Maintaining a blog of any kind takes quite a bit of effort. It's irrational to expend that kind of effort without putting your name on it so you can benefit from it. And so we can too. It's a win-win scenario for you, Mr. Anonymous.
- Excess Flair
Blogs work because they're simple. When we clutter up our blogs with a zillion widgets, features, and add-ons, we're destroying an essential part of what makes blogs worthwhile.
Before you add a new "feature" to your blog, consider whether this feature will be useful enough to your readers to overcome the additional complexity it adds to the page. Hint: almost none of them are.
- The Giant Blogroll
I'm all for linking generously to outside content. We all stand on the shoulders of giants, after all. Although if you look down in today's world, you might find that you're standing on lots and lots of midgets. Large or small, we owe them a debt of gratitude.
Citing your references and influences is a great and necessary thing, but obsessively listing every single blog you read – the so-called "blogroll" – is just noise.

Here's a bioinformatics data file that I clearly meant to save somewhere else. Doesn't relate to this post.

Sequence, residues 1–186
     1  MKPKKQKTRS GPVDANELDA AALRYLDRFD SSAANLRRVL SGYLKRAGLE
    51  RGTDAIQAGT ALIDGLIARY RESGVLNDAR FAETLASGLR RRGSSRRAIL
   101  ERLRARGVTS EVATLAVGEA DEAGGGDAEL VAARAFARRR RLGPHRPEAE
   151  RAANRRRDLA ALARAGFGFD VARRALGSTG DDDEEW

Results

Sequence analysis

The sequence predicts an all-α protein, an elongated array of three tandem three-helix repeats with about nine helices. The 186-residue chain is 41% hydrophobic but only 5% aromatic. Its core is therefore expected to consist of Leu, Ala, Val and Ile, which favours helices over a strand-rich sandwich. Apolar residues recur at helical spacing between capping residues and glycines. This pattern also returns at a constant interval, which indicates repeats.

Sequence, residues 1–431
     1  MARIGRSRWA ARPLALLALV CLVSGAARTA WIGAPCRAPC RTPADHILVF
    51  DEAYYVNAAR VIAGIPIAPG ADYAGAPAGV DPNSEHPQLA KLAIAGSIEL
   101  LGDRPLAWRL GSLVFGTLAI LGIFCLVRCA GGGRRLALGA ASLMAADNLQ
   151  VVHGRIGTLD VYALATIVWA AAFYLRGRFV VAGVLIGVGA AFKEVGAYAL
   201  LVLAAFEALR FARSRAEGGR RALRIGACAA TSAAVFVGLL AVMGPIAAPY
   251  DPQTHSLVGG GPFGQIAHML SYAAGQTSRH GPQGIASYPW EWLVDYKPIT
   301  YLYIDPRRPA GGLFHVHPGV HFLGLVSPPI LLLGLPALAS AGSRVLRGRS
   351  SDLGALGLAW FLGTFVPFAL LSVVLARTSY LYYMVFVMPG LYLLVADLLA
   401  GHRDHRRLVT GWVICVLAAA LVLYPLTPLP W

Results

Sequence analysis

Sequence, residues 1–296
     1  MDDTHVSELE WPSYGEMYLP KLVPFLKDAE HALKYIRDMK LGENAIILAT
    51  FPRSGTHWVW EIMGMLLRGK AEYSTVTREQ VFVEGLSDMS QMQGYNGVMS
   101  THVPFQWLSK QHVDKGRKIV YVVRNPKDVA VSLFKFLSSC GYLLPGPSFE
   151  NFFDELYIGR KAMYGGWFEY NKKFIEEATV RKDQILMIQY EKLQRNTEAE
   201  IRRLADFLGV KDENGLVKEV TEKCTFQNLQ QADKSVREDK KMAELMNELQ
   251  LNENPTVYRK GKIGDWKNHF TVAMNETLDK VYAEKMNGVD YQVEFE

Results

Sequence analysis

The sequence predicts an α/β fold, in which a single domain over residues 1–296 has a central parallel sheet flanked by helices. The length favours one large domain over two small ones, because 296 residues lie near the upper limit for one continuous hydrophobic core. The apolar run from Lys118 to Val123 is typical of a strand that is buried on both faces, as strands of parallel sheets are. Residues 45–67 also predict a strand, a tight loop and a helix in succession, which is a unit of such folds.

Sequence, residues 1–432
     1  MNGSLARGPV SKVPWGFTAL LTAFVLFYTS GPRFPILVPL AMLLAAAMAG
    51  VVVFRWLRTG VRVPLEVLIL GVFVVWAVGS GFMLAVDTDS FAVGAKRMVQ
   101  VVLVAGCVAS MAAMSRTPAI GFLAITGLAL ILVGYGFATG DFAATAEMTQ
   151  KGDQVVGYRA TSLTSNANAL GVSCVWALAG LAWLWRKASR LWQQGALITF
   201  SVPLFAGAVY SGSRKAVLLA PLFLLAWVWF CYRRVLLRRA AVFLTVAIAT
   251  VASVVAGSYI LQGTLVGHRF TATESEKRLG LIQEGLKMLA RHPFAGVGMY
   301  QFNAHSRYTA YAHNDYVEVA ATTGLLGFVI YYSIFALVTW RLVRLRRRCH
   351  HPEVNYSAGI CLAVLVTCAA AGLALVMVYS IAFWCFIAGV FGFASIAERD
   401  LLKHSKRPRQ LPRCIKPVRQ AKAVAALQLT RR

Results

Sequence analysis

If you're really reading this many blogs, you should be linking to them organically in your blog posts, in a sort of natural quid pro quo. Wearing a giant blogroll on your sleeve is an empty gesture. I'm reminded of the distasteful way that blogs in giant ad networks (such as Weblogs, Inc) spam every page with a huge list of internal links to their other blogs. It feels artificial and insincere.
Publish your OPML if you think organic links in your writing aren't telling the whole story, but avoid cluttering up your page with a huge, spammy blogroll.
- The Nebulous Tag Cloud
I'm a big fan of tagging. It's far superior to the old method of placing everything in hierarchical folders. Tag categories on blogs are moderately useful, particularly for bloggers who tend to bounce around among many different topics. What I've never found useful, however, is the stereotypical tag cloud visualization, where the size of the tag word varies with its frequency.
The perception is that tag cloud visualizations are cool, like badges of honor for the tagging club. The reality is that tag cloud visualizations are chaotic, noisy, and unusable. Keep the tagging, lose the cloud. A simple sorted list of tags, along with the number of posts associated with each tag, is much more effective.
- Excessive Advertisements